The three-judge panel called the severely overcrowded conditions in the state's 33 prisons "appalling" and unconstitutional. Attorney General Jerry Brown wants to appeal the ruling.
"Government is established to protect the safety and security of its citizens, and these wholesale releases are totally incompatible with that," said Brown.
The ruling is a victory for inmates who began their legal battle 14 years ago, claiming overcrowding was cruel and unusual punishment. The attorney representing the inmates thinks the money that's spent on housing prisoners can now be spent on local rehab programs.
"If this is done properly, which I believe it can be, the public will actually be safer with these prisoners out," said Don Specter, the attorney for California inmates.
The release order is not much of a surprise since lawmakers have known for years such an order was a possibility. However, they bickered endlessly over how to improve conditions.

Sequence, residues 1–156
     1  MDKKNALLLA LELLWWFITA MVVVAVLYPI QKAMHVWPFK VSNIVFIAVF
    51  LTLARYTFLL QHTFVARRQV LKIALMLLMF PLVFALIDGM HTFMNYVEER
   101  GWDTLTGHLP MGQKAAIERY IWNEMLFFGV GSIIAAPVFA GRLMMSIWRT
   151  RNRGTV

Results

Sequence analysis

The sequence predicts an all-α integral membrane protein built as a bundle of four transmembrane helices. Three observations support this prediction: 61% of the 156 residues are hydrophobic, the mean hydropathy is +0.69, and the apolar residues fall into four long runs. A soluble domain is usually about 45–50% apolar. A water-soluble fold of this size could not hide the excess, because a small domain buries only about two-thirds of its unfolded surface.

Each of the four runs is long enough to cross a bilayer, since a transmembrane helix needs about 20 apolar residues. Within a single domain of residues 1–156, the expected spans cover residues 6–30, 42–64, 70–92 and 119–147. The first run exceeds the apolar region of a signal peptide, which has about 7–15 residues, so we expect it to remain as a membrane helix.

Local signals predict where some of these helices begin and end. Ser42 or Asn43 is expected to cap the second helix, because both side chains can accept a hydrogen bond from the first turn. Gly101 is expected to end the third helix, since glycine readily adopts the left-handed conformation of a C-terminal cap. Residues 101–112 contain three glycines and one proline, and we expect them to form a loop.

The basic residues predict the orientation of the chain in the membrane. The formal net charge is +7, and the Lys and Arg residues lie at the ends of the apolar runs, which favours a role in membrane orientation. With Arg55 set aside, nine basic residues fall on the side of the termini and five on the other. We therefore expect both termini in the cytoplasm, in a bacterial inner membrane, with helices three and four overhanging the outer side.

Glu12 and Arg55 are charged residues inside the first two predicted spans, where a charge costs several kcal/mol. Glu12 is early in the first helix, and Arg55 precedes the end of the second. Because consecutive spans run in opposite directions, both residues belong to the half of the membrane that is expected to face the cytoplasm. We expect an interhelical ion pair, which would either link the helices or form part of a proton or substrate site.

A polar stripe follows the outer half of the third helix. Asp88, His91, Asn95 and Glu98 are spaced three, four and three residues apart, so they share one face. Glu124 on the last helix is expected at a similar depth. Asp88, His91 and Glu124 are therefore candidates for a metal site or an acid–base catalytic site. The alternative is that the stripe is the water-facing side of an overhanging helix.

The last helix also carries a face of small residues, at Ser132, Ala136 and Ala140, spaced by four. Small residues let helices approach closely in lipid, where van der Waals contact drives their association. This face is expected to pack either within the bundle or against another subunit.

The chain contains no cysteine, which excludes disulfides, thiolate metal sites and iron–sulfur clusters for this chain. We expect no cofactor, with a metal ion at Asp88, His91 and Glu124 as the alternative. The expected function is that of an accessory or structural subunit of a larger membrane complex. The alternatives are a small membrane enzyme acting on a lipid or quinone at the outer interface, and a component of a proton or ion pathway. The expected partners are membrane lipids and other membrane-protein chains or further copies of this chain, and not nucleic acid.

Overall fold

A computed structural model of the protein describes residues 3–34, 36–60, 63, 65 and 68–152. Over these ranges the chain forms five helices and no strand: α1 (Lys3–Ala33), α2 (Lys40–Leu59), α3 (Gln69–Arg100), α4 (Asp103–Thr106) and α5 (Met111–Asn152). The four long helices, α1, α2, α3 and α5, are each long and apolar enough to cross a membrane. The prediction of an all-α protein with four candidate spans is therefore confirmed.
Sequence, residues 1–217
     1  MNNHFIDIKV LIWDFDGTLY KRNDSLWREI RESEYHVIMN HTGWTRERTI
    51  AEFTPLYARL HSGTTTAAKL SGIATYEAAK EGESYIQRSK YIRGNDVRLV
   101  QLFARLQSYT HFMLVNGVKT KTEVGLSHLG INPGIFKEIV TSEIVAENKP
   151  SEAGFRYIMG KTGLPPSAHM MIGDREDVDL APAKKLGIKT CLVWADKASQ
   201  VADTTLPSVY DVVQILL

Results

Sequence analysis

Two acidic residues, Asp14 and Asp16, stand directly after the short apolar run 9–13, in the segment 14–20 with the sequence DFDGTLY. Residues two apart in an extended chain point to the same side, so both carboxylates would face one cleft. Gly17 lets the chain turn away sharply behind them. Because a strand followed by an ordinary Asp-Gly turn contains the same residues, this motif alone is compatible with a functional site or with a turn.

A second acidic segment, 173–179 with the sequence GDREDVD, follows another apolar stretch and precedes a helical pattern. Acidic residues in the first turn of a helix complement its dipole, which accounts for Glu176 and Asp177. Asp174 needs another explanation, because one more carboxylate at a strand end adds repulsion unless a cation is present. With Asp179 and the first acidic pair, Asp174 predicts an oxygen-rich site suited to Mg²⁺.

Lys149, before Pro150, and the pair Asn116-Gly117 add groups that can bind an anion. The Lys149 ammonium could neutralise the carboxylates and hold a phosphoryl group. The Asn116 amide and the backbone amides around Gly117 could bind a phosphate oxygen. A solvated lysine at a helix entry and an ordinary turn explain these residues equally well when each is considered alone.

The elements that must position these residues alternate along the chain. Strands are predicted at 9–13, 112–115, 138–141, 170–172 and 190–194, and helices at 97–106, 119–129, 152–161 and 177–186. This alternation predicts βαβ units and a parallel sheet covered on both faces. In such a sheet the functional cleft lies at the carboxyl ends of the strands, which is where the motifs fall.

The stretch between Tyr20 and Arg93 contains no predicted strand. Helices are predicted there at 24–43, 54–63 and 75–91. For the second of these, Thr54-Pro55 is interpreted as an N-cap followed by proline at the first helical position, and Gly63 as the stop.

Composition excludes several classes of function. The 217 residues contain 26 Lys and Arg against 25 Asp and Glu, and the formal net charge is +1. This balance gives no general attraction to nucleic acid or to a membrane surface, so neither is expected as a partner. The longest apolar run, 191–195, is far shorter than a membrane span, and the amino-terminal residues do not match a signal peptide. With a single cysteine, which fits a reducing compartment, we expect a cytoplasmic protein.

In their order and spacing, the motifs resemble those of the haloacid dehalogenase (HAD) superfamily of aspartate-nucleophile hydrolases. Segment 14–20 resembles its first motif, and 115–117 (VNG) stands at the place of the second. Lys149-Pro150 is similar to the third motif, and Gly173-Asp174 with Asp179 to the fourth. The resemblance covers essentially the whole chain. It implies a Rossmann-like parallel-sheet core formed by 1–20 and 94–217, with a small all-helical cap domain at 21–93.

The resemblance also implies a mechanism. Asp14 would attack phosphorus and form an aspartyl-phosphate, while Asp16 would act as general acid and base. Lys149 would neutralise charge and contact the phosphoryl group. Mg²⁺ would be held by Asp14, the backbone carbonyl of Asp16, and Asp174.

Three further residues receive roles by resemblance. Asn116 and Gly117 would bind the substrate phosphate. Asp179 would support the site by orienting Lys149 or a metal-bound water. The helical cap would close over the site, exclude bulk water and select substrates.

While the order stops short of an edict for immediate release, the judges want an inmate reduction plan by the middle of next month.
"We don't want to be in a position where the courts say, 'You've had long enough, open the gates and let them go,'" said Matthew Cate, California Corrections Secretary.
To ease the budget crisis, Governor Schwarzenegger already has a plan to reduce the inmate population by some 27,000 through changes in the parole system for low level offenders. However, that still leaves some 20,000 prisoners that must be released, according to Thursday's ruling.
"To get to the 44,000 or 45,000, you are going to have to release dangerous criminals back into society," said Christine Ward, Crime Victims Action Alliance.
State figures show 59 percent of those released from prison are back within three years.